When you opened your own salon and founded an education program you were both established educators for a major manufacturer. What was the process of moving away from working under the umbrella of a large company to starting your own business?

 MAINENTRANCE: Actually the process started in the same way we approach finding assessing. Specifically, assessing what was offered in our industry and what was missing. We were in a unique position, manufacturer leaders spoke to us about what their challenges were and what they wanted from their educators/employees; at the same time, individual artists told us what their challenges were and how they wanted to grow but didn't know how to get past their plateau to achieve their goals.

During that process it became clear to us that something was missing in our industry, a niche that was not being fulfilled...a bridge between the session world and the salon world, and a place for direct, "no fluff", non-brand focused education. We founded MAINENTRANCE Artists with the goal of helping the individual artist and the manufacturer. It is so rewarding to see the growth in the artists that have participated in our Artist Development Workshops! Our challenge has been helping manufacturer's understand that we are here to help strengthen their teams, not turn them in another direction.

 This is your third year being nominated at NAHA, which is a huge achievement. What did you take away from past years? How did your experiences at the previous NAHA Awards strategically and creatively influence the work you submitted this year?

 ME: We've realized that the most important rule in submitting work is to maintain your artistic integrity. We actually try not to think about what the judges might like or dislike....instead we submit work we are inspired by, that is relevant to movements in the fashion industry. We have found that this approach works best for us. If we satisfy our vision and creativity then we maintain that artistic integrity and can be proud of our work, regardless of competition outcomes.

 Who has been your greatest professional influence?

 DJR: I don't have a "greatest" because artistry at that level cannot be measured, but Eugene Souleiman and Anthony Mascolo rank high.

 BB: It is impossible for me to rank them....Annie Humphreys, Pat Mascolo, and Kim Martin.

 What is your typical day like?

 ME: Great question! Honestly, each day is so different for us, we are immersed in every part of our business. So a typical day could be anything from taking private appointment clients, to facilitating a workshop in our space, to photography and post-production, to session hair on set at Milk Studios, to beauty production for an industry client. That is the most exciting thing about our business structure...stagnation is impossible!

 Much of your education focuses on trend. How do you keep ahead of current movements and how to you select which trends to teach, which will be most viable?

 ME: Keeping up with current movements and influences is a constant for us, we are blessed to be in New York and on the scene constantly. We also work with a collective of Trend Forecaster's to simmer down the trends into 4 key ideals each season. We feel it's important to teach all of the trends because each trend can be interpreted commercially, editorially, or radically.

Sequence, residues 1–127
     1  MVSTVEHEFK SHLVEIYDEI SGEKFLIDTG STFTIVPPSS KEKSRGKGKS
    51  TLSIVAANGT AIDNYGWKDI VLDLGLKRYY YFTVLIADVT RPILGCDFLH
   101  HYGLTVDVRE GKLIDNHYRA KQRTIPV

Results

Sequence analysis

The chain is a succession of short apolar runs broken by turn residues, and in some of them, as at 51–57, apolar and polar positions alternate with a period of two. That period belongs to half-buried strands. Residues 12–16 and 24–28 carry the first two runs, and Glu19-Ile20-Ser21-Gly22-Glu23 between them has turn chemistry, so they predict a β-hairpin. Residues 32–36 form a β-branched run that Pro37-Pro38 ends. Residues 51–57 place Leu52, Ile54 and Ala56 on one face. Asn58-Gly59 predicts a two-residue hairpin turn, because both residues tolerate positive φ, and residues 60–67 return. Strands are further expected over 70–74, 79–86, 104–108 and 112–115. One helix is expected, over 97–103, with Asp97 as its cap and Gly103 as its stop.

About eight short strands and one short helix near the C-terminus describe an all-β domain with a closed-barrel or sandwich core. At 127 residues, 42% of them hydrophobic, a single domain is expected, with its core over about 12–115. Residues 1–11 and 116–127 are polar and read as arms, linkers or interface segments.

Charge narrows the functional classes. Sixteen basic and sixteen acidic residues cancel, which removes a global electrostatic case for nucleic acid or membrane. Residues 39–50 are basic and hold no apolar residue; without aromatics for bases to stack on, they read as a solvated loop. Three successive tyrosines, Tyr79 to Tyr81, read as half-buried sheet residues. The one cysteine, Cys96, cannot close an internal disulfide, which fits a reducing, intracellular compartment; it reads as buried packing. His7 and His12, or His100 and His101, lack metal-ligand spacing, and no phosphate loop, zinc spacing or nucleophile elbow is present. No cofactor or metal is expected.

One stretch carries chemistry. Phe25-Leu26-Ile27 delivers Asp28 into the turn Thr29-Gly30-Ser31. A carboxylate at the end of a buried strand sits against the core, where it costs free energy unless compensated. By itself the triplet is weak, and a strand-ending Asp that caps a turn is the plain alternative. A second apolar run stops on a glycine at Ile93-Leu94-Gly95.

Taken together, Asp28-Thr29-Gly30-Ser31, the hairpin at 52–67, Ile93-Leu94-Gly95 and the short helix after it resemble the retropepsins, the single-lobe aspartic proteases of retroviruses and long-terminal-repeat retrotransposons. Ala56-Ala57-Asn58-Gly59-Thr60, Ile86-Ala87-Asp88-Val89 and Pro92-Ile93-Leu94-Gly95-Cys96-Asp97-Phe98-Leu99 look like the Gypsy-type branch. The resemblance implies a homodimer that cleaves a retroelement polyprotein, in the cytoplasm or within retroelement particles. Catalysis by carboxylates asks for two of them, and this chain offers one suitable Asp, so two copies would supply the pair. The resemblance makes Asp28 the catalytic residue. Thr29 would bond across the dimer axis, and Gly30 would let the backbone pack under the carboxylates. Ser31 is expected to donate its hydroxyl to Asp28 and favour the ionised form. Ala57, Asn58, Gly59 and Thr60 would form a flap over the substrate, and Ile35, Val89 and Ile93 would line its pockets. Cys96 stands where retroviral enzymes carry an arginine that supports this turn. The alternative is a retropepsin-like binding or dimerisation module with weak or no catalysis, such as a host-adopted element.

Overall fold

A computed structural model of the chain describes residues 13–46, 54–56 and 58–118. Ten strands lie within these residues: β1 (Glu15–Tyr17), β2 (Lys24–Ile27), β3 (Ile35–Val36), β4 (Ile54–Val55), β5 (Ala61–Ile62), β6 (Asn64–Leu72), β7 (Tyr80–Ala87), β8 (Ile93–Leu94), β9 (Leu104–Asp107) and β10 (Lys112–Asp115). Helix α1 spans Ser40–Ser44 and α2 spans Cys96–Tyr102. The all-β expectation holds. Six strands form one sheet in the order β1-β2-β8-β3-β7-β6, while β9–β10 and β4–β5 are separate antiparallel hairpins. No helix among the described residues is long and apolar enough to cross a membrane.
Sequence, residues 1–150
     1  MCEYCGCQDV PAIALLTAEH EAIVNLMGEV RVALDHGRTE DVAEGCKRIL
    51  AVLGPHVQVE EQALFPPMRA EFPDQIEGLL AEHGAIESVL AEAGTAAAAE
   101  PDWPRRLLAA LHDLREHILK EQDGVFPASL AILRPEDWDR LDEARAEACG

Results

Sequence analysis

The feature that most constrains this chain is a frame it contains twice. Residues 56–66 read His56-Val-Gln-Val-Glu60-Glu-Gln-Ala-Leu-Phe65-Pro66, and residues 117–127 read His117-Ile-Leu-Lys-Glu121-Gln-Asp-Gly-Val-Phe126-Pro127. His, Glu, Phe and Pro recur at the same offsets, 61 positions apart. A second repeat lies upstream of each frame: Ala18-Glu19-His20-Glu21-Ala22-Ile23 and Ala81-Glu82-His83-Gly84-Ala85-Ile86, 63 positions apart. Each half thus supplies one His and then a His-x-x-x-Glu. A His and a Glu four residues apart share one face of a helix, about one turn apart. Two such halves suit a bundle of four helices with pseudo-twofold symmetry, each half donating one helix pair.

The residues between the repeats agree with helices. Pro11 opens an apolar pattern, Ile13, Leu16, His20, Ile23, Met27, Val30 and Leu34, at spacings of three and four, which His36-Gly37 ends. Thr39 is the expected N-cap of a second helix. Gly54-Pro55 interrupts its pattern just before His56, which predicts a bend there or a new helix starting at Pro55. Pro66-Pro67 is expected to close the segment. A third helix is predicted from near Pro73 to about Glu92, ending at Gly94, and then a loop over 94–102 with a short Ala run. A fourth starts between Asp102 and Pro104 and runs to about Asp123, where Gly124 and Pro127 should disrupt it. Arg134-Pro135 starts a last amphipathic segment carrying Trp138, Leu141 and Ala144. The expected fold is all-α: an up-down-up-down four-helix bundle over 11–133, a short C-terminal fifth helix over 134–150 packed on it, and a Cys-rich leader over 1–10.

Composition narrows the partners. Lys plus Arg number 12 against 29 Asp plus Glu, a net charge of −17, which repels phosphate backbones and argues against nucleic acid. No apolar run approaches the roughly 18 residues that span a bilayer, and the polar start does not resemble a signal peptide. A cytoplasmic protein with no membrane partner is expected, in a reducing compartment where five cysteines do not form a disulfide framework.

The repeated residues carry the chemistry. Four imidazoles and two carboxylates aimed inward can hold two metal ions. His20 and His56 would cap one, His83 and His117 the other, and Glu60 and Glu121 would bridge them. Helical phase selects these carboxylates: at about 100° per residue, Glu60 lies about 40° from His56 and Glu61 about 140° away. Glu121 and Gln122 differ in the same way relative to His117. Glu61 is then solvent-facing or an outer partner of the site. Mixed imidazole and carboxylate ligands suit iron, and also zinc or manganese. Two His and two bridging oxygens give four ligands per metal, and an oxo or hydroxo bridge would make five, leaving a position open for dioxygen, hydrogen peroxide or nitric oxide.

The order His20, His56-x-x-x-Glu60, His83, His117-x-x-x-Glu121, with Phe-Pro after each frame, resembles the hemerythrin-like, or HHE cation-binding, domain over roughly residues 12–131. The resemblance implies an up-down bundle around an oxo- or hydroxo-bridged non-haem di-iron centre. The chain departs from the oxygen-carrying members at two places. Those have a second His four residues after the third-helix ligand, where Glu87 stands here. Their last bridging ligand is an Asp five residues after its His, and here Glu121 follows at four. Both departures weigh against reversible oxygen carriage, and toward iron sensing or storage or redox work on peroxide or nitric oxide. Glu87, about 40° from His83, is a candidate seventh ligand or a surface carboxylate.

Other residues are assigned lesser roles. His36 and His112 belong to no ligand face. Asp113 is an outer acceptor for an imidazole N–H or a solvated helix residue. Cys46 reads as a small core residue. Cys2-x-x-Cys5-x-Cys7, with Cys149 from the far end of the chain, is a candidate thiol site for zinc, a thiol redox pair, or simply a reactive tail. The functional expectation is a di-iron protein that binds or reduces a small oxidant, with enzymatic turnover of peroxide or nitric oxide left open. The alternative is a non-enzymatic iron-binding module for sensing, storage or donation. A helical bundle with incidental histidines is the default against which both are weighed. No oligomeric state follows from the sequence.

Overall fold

What technique in both color and styling will really shake things up this coming Autumn?

 ME: We see a huge shift to an early 90's movement: bold, root-to-point colour placement in subtle tones and thatchy baselines with loose overtones.

If you want to immerse yourself in the trends and stay ahead of the competition we recommend our Trend Interpretation program, for more information contact us at

  What does the future of MAINENTRANCE look like? Where do you see yourselves and your business in ten years?

 ME: MAINENTRANCE's future is exciting. We plan to grow in 3 directions: MAINENTRANCE Artist Development, ME Outpost, and ME Artists

MAINENTRANCE Artist Development: we plan to expand into a full time academy/production space/photo studio in New York City, continuing to offer non-brand focused education, private label education/consulting, and beauty production.

ME Outpost is the salon division of our company. We have initiated a stylist/colourist membership program where artists are free to be individuals and create while accommodating clients in a cultivated, curated, and private environment. We would like to expand from NYC to the West Coast in this division.

ME Artists will be a collective agency of strong, talented artists. These artists will be able to facilitate all aspects of our industry: fashion week, photo shoots, platform work, and celebrity clientele.

 What movies are you watching? What books are you reading? New favorite band?

 ME: Here is where we get a bit geeky: mainly The History Channel and Discovery Channel, we are kind of obsessed with the idea of mermaids. Otherwise, you can find us immersed in what we affectionately termed "blogword" (our RSS feed).

 Do you have advice for someone who feels stagnant in his or her career?

 ME: Take control of your education and inspiration, sometimes you have to look outside of your immediate surroundings to find that jolt. And remember that art washes away and creativity stays just have to work to find it.